Fig. 9. Variation of local Nusselt number along the bottom wall for different Hartmann number
with Pr = 0.733 and Ra = Ra = 10000, 100000, 1000000.

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Fig. 10. Variation of velocity profile along the bottom wall at different Hartmann number
with Pr = 1.733 and Ra = 10000, 100000, 1000000
Variations of the velocity components along the bottom wall for different Rayleigh number with Pr =
0.733 of the cavity are shown in Fig. 10. From the figure it can be observed that the curves are symmetrical xaxis because of symmetrical adiabatic ellipse block. The velocity increasing and decreasing for various types of
Rayleigh number when Ha = 0.
Variation of the dimensionless temperature along the bottom wall of the square cavity with Rayleigh
number at different Hartmann number are shown in Fig. 11. For moderate and high Rayleigh number (Ra= 104
,105 and 106) and for a weak magnetic field strength there is a temperature of the absolute value of maximum
and minimum value of temperature increases with increasing the Rayleigh number (increasing the buoyant
force). Convection is dominant heat transfer mechanism because of high Ra and low Ha. Heat transfer by
convection alters the temperature distribution to such an extent that temperature gradients in the centre are close
to zero. From the stream line pattern we see that there is a strong upward flow near the cold wall and downward
flow at the hot wall.

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Fig. 11. Variation of temperature profiles along the bottom wall at different Hartmann number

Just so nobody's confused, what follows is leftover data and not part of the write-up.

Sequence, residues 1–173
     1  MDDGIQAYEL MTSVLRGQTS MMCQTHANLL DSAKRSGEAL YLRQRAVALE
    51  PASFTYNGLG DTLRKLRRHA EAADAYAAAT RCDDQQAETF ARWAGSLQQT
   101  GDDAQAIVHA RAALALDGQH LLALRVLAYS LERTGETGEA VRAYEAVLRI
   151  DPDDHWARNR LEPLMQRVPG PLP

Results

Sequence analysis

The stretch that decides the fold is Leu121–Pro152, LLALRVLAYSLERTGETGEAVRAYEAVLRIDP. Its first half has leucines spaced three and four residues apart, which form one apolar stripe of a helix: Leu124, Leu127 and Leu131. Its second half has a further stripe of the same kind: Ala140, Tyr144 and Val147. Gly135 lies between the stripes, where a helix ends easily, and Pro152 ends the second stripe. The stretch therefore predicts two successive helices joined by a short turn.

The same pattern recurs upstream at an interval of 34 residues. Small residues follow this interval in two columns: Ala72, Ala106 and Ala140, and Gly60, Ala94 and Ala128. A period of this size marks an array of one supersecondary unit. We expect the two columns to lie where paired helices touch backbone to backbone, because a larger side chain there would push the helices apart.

with Pr = 1.733 and Ra = 10000, 100000, 1000000.
Also effect of different Rayleigh numbers on the flow field while Ha = 0 and Pr = 0. 733 are shown in
figure below. Variation of local Nusselt number, Variation of velocity profiles, Variation of dimensionless
temperature profiles, and Variation of the average Nusselt number are shown below in Fig. 12.

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Fig. 12. Variation of local Nusselt number, velocity profile, temperature profiles along the
bottom wall at different Rayleigh number with Pr = 0.733 and Ha = 0.

Fig. 13. Variation of the average Nusselt number along the bottom wall of the square cavity
with different Rayleigh numbers & different Hartmann numbers at Prandtl number 0.733.
Plot of the average Nusselt number of the adiabatic bottom wall as a function of Rayleigh number at
different Hartmann number is shown in Fig. 13. For a fixed Hartmann number, with increases in the Prandtl
number the flow velocity decreases, the free convection is suppressed and finally the rate of heat transfer
decreases. When Ra increases then we see that the flow strength is also increases in cold & adiabatic walls at
fixed Ha & Pr. At a constant Prandtl number, with increase in Rayleigh number the buoyancy force increases
and the heat transfer is enhanced. Therefore at high Rayleigh numbers, a relatively stronger magnetic field is
needed to decrease the rate of heat transfer.

VI.

CONCLUSION

Effect of magneto-hydrodynamic natural convection fluid flow and heat transfer in a square cavity
filled with an electric conductive fluid with elliptic shape adiabatic block are studied numerically. Finite element
method was used to solve governing equations for a heat generation parameters, Rayleigh numbers and
Hartmann numbers. We observed that there were very good agreements between Ra & Ha in different cases. For
all cases considered, two counter rotating eddies were formed inside the cavity regardless the Rayleigh and the
Hartmann numbers. The obtained results showed that the heat transfer mechanisms, temperature distribution and
the flow characteristics inside the cavity depended strongly upon both the strength of the magnetic field and the
Rayleigh numbers. From the present investigation the following conclusions may be drawn as: with increase in
the buoyancy force via increase in Rayleigh number, to decrease natural convection, a stronger magnetic field is
needed compared to the lower Rayleigh numbers.